No doubt we’ll now be hearing from the Obama haters about how Obama praised the good that Bush and Cheney have done.

January 21, 2008

A Pardon a Day Keeps the Impeachment Away


And other maxims of the right.

After seeing There Will be Blood, a few of us huddled in Georgetown’s Alamo Grill for a meal of chips, and well… mostly chips. I’d really hate to see how slow the kitchen is on a busy night.

At any rate, in a typically wide-ranging conversation someone touched on the subject of presidential pardons. Would Bush issue pardons for political cronies? Given that’s one of those questions that answer themselves, more generally, would Bush issue a blanket pardon for the entire Executive branch?

Personally, I find the area of presidential pardons to be very interesting. This wikipedia article is a starting point. (Though, given the controversial nature of the subject matter, it really needs to be taken with a grain of salt.)

One thing that the article mentions, supported by Bob Woodward’s Shadow, is that accepting a pardon implies an admission of guilt. See also this NYT article on Ford’s defense of his pardoning of Nixon:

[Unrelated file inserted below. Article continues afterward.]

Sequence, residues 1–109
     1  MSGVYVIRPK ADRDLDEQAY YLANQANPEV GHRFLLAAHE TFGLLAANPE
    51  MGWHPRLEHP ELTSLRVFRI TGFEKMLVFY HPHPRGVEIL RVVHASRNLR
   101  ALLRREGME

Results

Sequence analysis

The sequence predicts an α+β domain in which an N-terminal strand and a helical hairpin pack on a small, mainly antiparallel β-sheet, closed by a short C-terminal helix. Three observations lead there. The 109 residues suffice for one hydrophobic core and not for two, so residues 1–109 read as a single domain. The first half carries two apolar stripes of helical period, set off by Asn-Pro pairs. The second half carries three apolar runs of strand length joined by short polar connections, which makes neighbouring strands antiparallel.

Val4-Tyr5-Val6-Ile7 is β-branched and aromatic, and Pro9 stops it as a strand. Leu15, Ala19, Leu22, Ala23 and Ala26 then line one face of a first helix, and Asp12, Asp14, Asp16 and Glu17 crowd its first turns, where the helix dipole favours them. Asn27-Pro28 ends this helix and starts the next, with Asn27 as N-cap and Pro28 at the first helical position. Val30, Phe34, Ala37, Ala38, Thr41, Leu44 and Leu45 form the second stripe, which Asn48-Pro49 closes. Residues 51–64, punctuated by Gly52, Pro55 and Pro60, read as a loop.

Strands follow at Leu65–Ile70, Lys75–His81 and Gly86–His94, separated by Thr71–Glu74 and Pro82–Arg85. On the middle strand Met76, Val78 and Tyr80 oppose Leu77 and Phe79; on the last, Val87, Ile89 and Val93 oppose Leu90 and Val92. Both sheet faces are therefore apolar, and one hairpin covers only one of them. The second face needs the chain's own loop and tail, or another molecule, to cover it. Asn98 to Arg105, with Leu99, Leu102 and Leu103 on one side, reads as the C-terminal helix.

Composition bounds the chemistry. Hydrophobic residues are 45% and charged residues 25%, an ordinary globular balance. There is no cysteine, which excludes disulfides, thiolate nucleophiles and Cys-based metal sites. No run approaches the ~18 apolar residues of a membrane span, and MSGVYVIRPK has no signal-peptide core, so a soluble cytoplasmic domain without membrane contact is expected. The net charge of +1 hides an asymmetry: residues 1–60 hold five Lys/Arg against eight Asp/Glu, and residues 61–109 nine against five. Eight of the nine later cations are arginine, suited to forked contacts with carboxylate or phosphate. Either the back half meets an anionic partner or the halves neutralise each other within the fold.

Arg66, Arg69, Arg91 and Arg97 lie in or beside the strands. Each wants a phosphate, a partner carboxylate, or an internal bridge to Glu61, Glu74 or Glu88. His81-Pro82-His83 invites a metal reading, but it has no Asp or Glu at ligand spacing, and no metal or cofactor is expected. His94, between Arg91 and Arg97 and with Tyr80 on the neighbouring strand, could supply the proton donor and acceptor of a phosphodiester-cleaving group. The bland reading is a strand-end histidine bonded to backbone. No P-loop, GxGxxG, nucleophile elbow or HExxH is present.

WASHINGTON, Dec. 28 — President Gerald R. Ford was never one for second-guessing, but for many years after leaving office in 1977, he carried in his wallet a scrap of a 1915 Supreme Court ruling. A pardon, the excerpt said, “carries an imputation of guilt,” and acceptance of a pardon is “a confession of it.”

Note that Bush didn’t pardon Scooter Libby. To do so would jeopardize Libby’s defense in Joe Wilson’s civil suit. Instead, he commuted Libby’s sentence.

Note also that Carter’s blanket amnesty for draft evaders was really a pardon (see here). Here, there was not a disagreement over whether draft evaders had broken the law- they clearly had. And, it could be that the argument would be similar for a potential blanket pardon of Bushies: it’s not really a crime to break an unjust law. That is, of course, a rhetorical defense and not a legal defense.

I’d say there’s an unexplored question over how blanket a blanket pardon can be. I think we can all agree that Bush couldn’t issue an executive pardon for all Republicans until the end of time. But, he may be able to issue a blanket pardon for his favorite 12,500 people in his administration. (See this 1974 Time Magazine article. 12,500 was the minimum number that Carter’s pardon applied to.)

Now, getting back to our conversation in the Alamo Grill we all agreed that a President Kucinich would challenge such a pardon. Would a President Obama or Clinton? It seems to me a worthwhile question to ask these candidates while we still have their attention.


DCDL is a blog by Washington, DC-area members of Drinking Liberally. Opinions expressed are the writers’, not those of Drinking Liberally, which provides no funding or other support for this blog.